References

Siegel D., Waldman D., Link A. (2003). Assessing the impact of organizational practices

on the relative productivity of university technology transfer offices: an

exploratory study. Research Policy. 32:1:27-48.

Concluding Remark

So by now you have read my research article that asks whether or not clutter-free workspace affects publication productivity in graduate students at the University of Waterloo. As you have now read, there actually was a strong relationship! Although this was not a formal essay, I believe it shows an interesting take on the question since it assesses it with specific research methods. Importantly, my study shows that the relationship between clutter-free workspace and productivity is real by providing scientific evidence. In my research field, publications do not just define your productivity, but also makes you more attractive such that by the time you graduate you have a better chance of finding a job! So you can imagine the magnitude of importance of this study since publication productivity is truly important! The lesson that is learned here is that as researchers we have to stay clutter-free!

Appendix I

Clutter Score

Do you read most of your research articles on print?     Yes/No

If yes, do you have folders for your research articles?    Yes/No

If yes, do you have a filing cabinet for your folders?       Yes/No

Do you read most your research articles on an electronic device?        Yes/No

If yes, do you have virtual folders for your research articles?   Yes/No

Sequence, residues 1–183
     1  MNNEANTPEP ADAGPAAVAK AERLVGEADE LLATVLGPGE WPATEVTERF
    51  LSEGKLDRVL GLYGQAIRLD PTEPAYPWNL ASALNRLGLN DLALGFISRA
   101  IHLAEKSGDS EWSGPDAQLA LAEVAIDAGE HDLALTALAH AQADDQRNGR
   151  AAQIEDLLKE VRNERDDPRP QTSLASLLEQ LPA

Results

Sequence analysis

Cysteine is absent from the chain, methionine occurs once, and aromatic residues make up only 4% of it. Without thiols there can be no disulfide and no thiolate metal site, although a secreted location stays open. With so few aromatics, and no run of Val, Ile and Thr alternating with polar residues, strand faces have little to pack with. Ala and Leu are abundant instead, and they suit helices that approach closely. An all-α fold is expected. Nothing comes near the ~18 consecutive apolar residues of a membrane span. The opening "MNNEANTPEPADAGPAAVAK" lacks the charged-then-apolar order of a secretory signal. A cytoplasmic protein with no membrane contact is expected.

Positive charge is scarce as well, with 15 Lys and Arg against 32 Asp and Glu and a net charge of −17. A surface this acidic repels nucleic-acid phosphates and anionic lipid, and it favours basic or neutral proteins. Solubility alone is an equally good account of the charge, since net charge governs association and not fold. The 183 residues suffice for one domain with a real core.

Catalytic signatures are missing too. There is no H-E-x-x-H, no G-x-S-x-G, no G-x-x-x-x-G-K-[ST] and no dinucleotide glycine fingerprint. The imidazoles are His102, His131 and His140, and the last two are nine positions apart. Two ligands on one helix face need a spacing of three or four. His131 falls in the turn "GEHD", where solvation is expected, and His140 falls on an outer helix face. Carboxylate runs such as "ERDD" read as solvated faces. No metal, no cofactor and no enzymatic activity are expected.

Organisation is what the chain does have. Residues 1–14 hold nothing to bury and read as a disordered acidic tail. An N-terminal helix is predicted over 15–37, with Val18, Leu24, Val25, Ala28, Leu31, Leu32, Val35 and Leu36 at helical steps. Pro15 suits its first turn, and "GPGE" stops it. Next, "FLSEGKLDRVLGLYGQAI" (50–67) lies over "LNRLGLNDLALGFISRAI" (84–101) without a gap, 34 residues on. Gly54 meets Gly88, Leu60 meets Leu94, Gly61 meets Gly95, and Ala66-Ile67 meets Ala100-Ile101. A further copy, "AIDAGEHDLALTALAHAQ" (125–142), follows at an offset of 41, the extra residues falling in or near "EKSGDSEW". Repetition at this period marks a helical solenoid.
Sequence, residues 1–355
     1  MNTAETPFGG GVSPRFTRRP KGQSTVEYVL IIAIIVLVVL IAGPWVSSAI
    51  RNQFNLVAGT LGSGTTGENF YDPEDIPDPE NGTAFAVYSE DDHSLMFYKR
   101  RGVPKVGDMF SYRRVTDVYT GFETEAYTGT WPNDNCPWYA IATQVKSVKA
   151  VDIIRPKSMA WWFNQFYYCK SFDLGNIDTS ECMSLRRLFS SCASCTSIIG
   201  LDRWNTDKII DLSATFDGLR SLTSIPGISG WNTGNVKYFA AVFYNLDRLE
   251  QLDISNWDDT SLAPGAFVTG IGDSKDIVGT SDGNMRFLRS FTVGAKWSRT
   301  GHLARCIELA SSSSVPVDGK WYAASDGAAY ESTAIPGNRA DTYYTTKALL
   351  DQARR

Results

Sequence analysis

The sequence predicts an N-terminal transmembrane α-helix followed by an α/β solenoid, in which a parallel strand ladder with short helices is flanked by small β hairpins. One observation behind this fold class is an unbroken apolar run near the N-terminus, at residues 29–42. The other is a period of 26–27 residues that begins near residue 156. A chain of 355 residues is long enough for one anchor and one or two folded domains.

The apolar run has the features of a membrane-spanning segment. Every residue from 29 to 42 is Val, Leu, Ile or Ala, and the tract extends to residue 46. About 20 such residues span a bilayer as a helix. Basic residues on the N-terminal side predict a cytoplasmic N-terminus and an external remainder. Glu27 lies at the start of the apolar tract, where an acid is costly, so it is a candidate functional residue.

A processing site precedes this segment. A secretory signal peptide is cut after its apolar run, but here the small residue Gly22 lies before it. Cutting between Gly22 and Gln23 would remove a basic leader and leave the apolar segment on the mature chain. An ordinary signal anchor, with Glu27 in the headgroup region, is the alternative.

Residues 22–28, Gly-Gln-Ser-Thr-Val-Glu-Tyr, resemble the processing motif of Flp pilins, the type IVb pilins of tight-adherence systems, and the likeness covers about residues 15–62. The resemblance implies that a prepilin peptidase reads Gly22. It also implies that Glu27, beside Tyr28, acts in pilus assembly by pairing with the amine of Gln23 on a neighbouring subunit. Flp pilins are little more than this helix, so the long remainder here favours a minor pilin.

Please rate these questions from strongly disagree to strongly agree on the number scales:

1. My workspace at home is cluttered and disorganized.

Strongly disagree                  Neither disagree or agree                Strongly Agree

1          2          3                      4          5          6          7                      8          9          10

2. My workspace at school is cluttered and disorganized.

Strongly disagree                  Neither disagree or agree                Strongly Agree

1          2          3                      4          5          6          7                      8          9          10

3. When my desk has a lot of clutter, I ignore it, and continue to do my work.

Strongly disagree                  Neither disagree or agree                Strongly Agree

1          2          3                      4          5          6          7                      8          9          10

4. I find that when I am disorganized it doesn’t matter I can still get work done.

Strongly disagree                  Neither disagree or agree                Strongly Agree

1          2          3                      4          5          6          7                      8          9          10

Productivity Score

Please note the number of abstract and article publications.

# of abstract publications:        # of article publications:

How many years of graduate school have you completed?

Participant information and Consent Form

Overview

You are being asked to volunteer in a very very very small study. Basically, I want to look at the relationship between clutter-free workspace and productivity. Productivity, in our field, is defined by the number of publications we have.

So you are asked to fill out the short survey to give me an indication of how organized or disorganized you are. At the end you are asked to provide the number of publications you have abstract, article and also number of completed years in graduate school.

This data will be used to enter The StorageMart – ScholarSmarts Scholarship Giveaway, as it will be used to write a required essay.

Risks

None

Confidentiality

All data collected is considered confidential. Codes, rather than names will be used in notes. Your name or any other personal identifying information will not appear in any publication.

Consent

I agree to participate in a study being conducted by

for the research project “Examining the Link between Clutter-free Workspace and Productivity in Graduate Students Studying Physiology.”

With full knowledge, I, , agree, of my own free will, to participate in this study.

Signature: Date: